"Que lorsque le soussigné d'autre part aura intégralement payé ledit solde de prix en capital, il sera dressé un contrat authentique par les soins de Me Bertrand Maigrot, notaire choisi d'un commun accord par les parties qui déclarent entendre subordonner au paiement intégral du prix d'acquisition et à la pasation dudit contrat de vent, la perfection du contrat et la transmission de propriété. Et en cas de refus par le soussigné d'une part de signer ledit contrat de vente, ledit soussigné d'autre part aura à rembourser au soussigné d'autre part toutes sommes versées par ce dernier et il aura à payer une somme de vingt mille roupies comme dommages et intérêts."
The learned judge, in a carefully reasoned judgment, came to the conclusion that it was a clause pénale, that is to say, that it did not take away the right of the buyer to have the contract enforce specifically if the seller made default; it merely provided for the sum to be awarded to the buyer as liquidated damages for the default if he, the buyer, elected not to require the seller to implement his bargain.
Had it been held to be a stipulation de dédit it would have given to the seller (not the buyer) an option to elect between on the one hand holding the buyer to his bargain and demanding the balance of the purchase price and the buyer's signature to the contrat authentique, or on the other hand himself withdrawing from the bargain and repaying to the buyer the R 20,000 he had already paid as an instalment of the purchase price together with an additional R 20,000 by way of compensation.
The learned judge went on to hold that even if, contrary to his own conclusion to the contrary, the clause could be classified as a stipulation de dédit, this could not avail the seller because, by the mise of demeure calling upon the buyer to attend before the notary on 14th January 1974 and there pay the balance of the purchase price and sign the contrat authentique, the seller had unequivocally exercise his option, and having done so in favour of holding the buyer to his bargain, he had lost whatever right he might previously have had to withdraw from the bargain himself on payment to the buyer of R 40,000.
In support of this holding Garrioch J. cited a decision of the third Civil Chamber of the French Cour de Cassation of 18th October 1968:
"Les juges du fond relève que le vendeur d'un immeuble a manifesté d'une manière non équivoque sa volonté de signer l'acte authentique de vente, peuvent en déduire qu'il a renoncé à user de la faculté de dédit stipulée au contrat sous-seing privé."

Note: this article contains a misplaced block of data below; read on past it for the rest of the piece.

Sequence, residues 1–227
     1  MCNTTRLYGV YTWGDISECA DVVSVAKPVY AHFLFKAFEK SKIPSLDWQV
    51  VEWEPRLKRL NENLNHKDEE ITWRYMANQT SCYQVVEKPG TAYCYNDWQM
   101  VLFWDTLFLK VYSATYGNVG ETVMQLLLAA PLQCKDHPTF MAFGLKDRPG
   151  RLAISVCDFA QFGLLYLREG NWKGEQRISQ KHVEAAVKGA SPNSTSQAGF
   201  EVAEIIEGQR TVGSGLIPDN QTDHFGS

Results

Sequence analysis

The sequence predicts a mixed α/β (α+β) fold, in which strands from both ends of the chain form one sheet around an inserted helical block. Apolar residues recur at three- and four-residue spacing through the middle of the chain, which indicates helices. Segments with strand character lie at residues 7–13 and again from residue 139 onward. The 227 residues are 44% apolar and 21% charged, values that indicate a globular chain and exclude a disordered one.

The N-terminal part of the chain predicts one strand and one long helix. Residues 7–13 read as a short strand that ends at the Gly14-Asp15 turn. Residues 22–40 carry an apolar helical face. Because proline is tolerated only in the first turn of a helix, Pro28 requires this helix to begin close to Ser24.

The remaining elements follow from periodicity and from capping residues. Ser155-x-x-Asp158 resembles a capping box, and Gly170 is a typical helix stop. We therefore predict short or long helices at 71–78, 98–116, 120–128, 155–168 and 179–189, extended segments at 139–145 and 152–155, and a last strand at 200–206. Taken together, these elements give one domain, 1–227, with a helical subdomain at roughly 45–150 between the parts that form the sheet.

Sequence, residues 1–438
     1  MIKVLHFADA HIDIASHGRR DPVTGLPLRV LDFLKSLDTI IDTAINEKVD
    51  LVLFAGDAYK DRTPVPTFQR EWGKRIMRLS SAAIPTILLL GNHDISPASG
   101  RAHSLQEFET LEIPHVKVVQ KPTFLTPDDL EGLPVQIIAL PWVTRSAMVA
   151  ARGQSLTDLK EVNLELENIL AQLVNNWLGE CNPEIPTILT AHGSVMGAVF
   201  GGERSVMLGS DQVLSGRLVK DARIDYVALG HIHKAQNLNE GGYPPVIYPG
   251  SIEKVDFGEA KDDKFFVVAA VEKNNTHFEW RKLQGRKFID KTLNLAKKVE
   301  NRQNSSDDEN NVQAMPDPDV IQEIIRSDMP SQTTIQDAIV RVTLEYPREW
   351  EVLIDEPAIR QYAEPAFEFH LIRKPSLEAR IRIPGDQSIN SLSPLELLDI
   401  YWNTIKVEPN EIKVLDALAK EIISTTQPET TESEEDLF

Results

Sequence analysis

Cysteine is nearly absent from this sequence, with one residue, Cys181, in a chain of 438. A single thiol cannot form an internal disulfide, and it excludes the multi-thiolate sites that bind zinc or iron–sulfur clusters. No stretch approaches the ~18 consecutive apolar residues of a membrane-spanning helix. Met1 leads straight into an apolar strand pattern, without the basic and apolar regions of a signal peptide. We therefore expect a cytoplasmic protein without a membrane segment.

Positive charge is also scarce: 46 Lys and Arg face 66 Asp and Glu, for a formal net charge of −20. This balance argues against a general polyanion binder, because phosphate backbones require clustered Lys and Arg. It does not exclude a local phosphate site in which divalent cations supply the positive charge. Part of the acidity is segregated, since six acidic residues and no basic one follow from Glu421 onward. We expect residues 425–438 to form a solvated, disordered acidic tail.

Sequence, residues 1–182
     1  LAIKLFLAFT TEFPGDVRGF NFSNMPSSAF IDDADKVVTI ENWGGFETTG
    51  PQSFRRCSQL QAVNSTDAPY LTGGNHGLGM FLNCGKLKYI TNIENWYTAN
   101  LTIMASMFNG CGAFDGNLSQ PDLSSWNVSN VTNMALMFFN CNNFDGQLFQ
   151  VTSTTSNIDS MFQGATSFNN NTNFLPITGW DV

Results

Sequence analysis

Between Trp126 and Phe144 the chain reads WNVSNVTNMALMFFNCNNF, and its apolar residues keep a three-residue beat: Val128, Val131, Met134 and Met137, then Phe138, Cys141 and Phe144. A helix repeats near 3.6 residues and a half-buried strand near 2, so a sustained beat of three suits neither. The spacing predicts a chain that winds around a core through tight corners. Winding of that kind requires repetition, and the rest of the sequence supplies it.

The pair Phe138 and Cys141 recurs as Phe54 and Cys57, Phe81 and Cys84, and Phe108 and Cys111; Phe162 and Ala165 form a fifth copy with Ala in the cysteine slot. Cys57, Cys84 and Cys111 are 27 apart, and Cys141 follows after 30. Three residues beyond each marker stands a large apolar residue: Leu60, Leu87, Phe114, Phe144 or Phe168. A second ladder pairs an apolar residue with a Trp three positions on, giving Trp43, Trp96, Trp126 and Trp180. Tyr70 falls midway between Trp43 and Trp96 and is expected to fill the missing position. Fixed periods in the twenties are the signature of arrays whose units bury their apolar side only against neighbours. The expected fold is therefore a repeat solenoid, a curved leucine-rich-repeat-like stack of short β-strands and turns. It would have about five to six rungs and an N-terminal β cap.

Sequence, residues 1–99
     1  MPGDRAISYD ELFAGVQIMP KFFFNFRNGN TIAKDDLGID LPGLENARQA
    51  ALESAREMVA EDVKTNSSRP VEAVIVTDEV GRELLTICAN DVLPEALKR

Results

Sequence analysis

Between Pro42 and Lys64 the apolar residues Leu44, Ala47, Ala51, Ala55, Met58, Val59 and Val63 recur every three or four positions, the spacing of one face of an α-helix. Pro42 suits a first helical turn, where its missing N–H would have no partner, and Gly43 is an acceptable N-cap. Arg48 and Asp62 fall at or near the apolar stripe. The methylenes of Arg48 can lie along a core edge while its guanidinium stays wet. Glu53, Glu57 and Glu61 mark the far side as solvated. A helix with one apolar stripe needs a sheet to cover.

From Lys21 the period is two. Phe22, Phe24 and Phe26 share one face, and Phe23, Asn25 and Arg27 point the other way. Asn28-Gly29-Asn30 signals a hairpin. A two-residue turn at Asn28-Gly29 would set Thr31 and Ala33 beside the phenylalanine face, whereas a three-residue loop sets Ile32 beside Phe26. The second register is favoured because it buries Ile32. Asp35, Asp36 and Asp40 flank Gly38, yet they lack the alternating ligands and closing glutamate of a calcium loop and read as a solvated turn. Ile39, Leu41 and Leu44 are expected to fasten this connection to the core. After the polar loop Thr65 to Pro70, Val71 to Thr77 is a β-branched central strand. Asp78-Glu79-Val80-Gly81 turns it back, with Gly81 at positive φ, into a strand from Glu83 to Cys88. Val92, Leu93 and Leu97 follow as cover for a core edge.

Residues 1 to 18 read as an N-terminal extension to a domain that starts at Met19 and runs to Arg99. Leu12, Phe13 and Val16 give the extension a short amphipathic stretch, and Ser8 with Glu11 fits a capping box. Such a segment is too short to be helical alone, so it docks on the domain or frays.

The Court of Civil Appeal to whom the seller appealed from the judgment of Garrioch J., although mentioning that the question of the proper classification of the clause as clause pénale or stipulation de dédit was not free from difficulty, held that it was not necessary for them to go into it. They agreed with the learned judge upon the second ground on which he had found for the buyer, namely that even if it were assumed in the seller's favour that the clause was a stipulation de dédit the seller by his mise en demeure had irrevocably elected to hold the buyer to his bargain and thereby lost whatever right he might have previously had to withdraw from himself on payment of compensation.
The Court of Appeal also cited with approval, and adopted as a correct statement of the law of Mauritius, the decision of the French Court of Cassation which had been relied on by Garrioch J. and is set out above. Their Lordships draw attention to the fact that in that citation it is said to be a question for "les juges du fond" to determine whether a seller has manifested his intention to sign the contrat authentique so unequivocally as to amount to a renunciation of an option to withdraw from his bargain which was reserved to him by a stipulation de dédit. This means that a determination upon this matter is one of the fact and not of law; it cannot be disturbed upon cassation. Their Lordships' functions, when hearing appeals from Mauritius, are not confined to those of a cour de cassation. They not infrequently exercise their jurisdiction to decide questions of fact on which there have been conflicting findings in the courts below, but it is their invariable practice not to interfere with concurrent findings of fact made by a trial court and an appeal court of the country from which the appeal is brought. In the instant case there are such concurrent findings, and their Lordships would not have thought it right to overrule them even if they have doubted their correctness. But their Lordships have no such doubts; in their view the judgment of the Court of Civil Appeal was so obviously right as to make any contrary conclusion virtually unarguable.
Their Lordships will humbly advise Her Majesty that this appeal should be dismissed with costs.